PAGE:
By: Mia L. Hazlett
I haven’t been here in a while. I finally turned Macy into a novel and finished the manuscript. Woo-hoo, well kinda. Now to find an agent, sell my book to a big publisher, and live off royalties. BAHAHA. Oh how naïve of me.
I’ve decided to chronicle my little journey of getting my book published. It will keep me from giving up, maybe.
My first book, Going Through It, was self-published. I’ll be honest, I’m sure I gave away more than I sold. The thing about self-publishing, you’re instantly published. You create your manuscript, hire an editor, design a cover, and upload. Easy enough. No matter the research you do, prepare to be your own cheerleader and marketer. Like constantly. On every platform. Everywhere!
When I completed self-publishing my book, I lived in my parents’ basement and had lost everything. I had no platforms, or any idea how to market my book. I won’t bash myself, because I made an incredible accomplishment. I fulfilled my lifetime dream of becoming a published author. The next time I dream, I’ll be more specific and add “successful”.
Now that I’ve finished my second manuscript, I’m going the traditional route- agent and publisher. I’m not saying self-publishing doesn’t produce success, but I’m not interested in publishing.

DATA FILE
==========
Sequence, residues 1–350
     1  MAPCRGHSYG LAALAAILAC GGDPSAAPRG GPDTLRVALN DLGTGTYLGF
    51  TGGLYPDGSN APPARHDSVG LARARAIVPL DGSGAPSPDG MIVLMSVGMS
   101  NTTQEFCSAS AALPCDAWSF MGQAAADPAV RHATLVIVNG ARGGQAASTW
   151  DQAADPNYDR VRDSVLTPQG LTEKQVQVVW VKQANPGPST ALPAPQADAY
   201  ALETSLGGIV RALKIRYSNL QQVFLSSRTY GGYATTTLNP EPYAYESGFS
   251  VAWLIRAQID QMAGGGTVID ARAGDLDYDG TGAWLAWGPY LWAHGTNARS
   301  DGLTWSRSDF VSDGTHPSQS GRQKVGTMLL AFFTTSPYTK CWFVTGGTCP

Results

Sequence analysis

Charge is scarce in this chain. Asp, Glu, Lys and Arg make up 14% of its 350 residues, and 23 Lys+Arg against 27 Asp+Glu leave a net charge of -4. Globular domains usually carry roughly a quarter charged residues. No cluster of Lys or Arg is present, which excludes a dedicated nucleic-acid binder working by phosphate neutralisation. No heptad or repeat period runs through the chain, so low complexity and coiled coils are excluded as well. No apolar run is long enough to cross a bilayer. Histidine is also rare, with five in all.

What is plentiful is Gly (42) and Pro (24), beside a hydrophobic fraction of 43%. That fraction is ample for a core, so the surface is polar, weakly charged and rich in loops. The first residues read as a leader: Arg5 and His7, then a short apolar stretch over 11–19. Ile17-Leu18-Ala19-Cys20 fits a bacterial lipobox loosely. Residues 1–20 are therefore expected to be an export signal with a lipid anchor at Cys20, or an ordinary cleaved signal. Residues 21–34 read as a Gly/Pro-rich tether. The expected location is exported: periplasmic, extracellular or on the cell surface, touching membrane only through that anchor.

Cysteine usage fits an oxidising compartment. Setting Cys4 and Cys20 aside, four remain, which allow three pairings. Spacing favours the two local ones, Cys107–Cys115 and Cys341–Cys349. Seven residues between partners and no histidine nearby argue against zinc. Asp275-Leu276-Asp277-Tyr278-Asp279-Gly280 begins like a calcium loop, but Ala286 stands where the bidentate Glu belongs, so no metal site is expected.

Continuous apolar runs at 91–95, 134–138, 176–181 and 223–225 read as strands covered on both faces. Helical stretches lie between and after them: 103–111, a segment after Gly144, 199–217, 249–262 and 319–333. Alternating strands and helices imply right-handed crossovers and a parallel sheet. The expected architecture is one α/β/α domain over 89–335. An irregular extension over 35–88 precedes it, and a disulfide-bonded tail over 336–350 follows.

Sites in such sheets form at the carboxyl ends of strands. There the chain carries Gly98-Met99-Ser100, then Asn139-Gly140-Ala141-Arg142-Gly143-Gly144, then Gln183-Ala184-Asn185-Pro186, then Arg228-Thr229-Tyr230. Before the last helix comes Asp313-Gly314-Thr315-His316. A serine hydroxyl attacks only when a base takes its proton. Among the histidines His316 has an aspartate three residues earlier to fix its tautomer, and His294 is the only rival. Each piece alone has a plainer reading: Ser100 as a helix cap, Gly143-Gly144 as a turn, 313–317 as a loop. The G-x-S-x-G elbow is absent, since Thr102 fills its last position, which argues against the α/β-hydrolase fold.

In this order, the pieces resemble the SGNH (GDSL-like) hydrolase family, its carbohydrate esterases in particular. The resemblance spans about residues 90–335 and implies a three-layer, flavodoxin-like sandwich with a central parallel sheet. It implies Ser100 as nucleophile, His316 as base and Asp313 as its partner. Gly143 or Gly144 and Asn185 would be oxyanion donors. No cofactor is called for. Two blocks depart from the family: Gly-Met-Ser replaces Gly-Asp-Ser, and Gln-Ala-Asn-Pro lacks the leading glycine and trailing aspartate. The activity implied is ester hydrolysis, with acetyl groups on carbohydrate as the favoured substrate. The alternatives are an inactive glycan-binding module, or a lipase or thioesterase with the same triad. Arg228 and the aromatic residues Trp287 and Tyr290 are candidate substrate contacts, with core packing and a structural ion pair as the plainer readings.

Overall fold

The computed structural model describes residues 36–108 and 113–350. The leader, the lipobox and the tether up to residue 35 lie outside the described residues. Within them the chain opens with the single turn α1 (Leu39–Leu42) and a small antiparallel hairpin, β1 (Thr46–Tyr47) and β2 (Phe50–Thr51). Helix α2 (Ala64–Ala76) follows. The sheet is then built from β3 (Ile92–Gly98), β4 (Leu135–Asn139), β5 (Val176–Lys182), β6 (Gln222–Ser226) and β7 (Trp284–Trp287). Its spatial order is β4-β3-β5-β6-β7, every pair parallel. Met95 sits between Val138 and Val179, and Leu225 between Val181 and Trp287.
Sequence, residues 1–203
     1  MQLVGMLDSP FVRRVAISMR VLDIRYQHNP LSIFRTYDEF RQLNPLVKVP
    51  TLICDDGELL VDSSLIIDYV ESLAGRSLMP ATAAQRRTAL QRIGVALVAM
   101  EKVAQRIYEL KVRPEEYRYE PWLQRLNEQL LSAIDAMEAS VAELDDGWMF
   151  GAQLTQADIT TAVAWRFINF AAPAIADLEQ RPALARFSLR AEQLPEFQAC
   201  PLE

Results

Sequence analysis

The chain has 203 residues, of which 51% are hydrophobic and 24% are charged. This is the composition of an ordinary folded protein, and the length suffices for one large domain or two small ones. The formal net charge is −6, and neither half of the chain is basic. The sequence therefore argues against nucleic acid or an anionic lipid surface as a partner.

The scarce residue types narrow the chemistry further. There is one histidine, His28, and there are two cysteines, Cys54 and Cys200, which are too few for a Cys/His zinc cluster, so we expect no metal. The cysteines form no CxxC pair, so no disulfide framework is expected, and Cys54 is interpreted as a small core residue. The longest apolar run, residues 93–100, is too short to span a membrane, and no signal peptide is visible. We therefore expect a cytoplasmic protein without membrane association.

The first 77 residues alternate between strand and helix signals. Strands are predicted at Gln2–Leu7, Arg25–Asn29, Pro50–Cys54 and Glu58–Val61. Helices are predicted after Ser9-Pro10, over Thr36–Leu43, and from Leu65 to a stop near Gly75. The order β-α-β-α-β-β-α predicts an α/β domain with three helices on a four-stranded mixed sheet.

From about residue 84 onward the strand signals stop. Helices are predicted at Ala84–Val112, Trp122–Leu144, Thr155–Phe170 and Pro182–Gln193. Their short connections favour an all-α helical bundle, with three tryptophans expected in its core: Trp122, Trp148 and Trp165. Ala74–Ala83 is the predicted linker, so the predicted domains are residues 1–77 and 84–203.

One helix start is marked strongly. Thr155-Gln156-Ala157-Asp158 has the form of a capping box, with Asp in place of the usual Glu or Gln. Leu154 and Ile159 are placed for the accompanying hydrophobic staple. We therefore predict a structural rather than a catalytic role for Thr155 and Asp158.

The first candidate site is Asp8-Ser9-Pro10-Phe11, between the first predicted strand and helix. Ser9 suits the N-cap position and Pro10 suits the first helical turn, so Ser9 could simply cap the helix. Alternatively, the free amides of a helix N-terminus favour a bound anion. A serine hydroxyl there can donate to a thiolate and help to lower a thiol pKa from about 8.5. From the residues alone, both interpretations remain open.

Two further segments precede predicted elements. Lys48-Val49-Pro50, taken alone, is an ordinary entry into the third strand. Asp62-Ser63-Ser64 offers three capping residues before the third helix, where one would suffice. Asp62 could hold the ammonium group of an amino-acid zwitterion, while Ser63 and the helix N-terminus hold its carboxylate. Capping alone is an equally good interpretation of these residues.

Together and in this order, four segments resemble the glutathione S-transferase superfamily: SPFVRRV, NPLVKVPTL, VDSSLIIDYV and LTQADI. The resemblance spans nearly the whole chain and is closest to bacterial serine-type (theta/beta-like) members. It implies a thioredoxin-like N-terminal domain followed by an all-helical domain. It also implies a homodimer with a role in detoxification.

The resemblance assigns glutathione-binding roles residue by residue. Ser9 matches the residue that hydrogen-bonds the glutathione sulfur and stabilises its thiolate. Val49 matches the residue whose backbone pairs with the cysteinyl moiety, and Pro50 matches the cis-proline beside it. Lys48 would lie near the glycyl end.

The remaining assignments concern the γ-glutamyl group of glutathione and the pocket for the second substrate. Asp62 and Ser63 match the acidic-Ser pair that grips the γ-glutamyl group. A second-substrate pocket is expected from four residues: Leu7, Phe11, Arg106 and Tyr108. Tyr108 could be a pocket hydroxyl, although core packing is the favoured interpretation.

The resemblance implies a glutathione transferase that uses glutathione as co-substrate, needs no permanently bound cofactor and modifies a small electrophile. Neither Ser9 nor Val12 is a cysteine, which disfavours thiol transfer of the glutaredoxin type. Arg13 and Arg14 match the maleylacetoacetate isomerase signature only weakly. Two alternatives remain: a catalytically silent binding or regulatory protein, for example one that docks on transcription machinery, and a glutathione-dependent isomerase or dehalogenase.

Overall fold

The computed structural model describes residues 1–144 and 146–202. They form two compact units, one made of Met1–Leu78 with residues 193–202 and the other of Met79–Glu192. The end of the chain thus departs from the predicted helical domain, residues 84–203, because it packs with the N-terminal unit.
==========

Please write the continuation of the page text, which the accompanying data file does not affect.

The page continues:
Beyond the basic tools, entering into the arena of traditional publishing, I come with research. I’ve read, I’ve followed, and I’ve chased every answer to the little questions that pop into my head. I’m better informed to pursue this channel of fulfilling my publishing dream.
I’ve edited my manuscript. I’ve gone through the Beta readers. I’ve been building my social media platforms, and started keeping my blogs current. I say it with ease. It’s not. I’m an executive assistant to a president and board of trustees, 9-5 doesn’t exist in my world. I have a teenager who is about to drive and a middle schooler who doesn’t think I’m cool anymore. My writing takes me into the wee hours of the night.
What have I had to learn? What is a query letter? Had no clue what it was. On every submission page, everyone wants a query letter and sometimes a synopsis. I had to develop both. I found, I could write an entire novel, but a simple letter was crippling. But I researched what a query letter was and how to write it.
At this point in my hunt for an agent, I’ve received 45 rejections. Probably 18 actual rejections and just haven’t heard back from those others. Honestly, it’s hard. I’m questioning myself. I’ve thought about self-publishing. Then I thought about rewriting the entire book. But then I realized, I can’t give up on myself and the years I put into my art. Obviously I would never reject myself, that’s why self-publishing was so easy. Submitting my work to agents and absorbing the rejection is part of the traditional publishing journey. Stay tuned.